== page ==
As an employee in the Internet filtering industry, people tend to think I’m either trying to sell them something or paranoid when I talk about how easy it is to stumble into unsavory places online. Past childhood, they think that being Internet savvy is enough to keep them from viewing anything they don’t want to, but the truth is, we rely on search engines to find us the results we’re looking for online, and anytime the control is out of our hands, there’s the possibility of something unexpected happening.
I recently watched the second season of Stranger Things, and I was struck by how much Eleven resembled a young Larisa Oleynik, whose face dominated my television during my preteen years. I posted an opinion on Facebook, and someone countered with a picture of a young Natalie Portman. Driven by a desire to prove just how much closer I was with my comparison, I pulled up Google, went to images, and typed in “Larissa Oleynik young”. Now, I frequently turn safe search on and off because of the nature of my job, and at the time of this search, it was unfortunately off. Google apparently read my description, gave a response of “naw,” and instead searched “Larissa Oleynik nude”. It happily stated, “Showing results for ‘Larissa Oleynik nude’, under which it said, “search instead for Larissa Oleynik young” (you know, what I typed in.). I thought “whoops, I must’ve misspelled ‘young’,” so I went back and tried again, paying special attention to what I typed. Nope. Still got “Larissa Oleynik Nude”. At this point, I turned safe search on and tried it again, to the same effect only when it searched the nude option, it didn’t show any results. I discovered eventually that this issue was that her first name is spelled with one ‘s’, rather than the two I was typing in, so I was technically misspelling something, but not the adjective in the sentence. A mere mistype of a name changed my search results from benign to xxx.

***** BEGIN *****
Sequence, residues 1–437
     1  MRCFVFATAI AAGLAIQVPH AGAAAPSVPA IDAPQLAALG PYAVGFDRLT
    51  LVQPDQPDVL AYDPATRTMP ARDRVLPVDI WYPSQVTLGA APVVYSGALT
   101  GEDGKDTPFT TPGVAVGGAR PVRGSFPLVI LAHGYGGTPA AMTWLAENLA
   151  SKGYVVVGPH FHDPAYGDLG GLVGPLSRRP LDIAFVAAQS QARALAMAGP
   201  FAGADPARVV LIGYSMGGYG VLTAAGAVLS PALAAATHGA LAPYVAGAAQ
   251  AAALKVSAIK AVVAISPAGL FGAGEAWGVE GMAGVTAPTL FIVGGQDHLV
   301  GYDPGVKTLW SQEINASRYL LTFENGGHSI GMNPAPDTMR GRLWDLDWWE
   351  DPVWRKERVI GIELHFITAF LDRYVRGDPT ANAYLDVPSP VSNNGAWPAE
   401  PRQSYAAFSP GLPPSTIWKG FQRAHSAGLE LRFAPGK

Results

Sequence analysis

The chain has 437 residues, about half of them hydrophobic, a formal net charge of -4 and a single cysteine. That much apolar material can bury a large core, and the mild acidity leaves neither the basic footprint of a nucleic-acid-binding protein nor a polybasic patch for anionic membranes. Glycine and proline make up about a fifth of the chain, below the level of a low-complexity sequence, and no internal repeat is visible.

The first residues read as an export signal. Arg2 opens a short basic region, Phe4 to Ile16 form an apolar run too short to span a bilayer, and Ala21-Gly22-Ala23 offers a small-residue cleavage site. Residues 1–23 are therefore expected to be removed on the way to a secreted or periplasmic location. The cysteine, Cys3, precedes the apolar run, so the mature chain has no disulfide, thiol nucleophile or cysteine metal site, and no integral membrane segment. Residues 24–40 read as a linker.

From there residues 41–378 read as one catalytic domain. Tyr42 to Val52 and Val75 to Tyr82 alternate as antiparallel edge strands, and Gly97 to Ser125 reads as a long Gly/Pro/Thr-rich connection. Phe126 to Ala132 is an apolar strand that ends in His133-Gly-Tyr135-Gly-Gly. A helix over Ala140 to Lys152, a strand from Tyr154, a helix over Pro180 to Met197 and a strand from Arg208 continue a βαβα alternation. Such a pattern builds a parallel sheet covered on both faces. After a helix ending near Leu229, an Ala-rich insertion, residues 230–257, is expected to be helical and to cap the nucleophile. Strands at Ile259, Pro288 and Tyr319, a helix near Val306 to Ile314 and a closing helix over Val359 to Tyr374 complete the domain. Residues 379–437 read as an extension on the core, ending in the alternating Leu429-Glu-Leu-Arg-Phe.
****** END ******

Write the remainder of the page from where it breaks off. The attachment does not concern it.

This isn’t the only time Google Images has spit back nudity in a benign search. It’s notorious for eventually turning up pornographic imagery when Safe Search is not turned on. I’ve stumbled upon nudity and other questionable material searching for completely innocuous terms, and just from my experience in this position alone, I can attest that most childrens’ cartoons have porn of them online and searching for their names can quickly land you in a world of pornography. So what do you do?
Obviously, I would recommend a content filter. It is most likely to catch both intended and unintended pornography. At the very least, I would recommend making sure all of the browsers on your computer are set to their version of safe mode, if they have them. This won’t stop all of the bad stuff from getting through, but it’s definitely better than going online unprotected.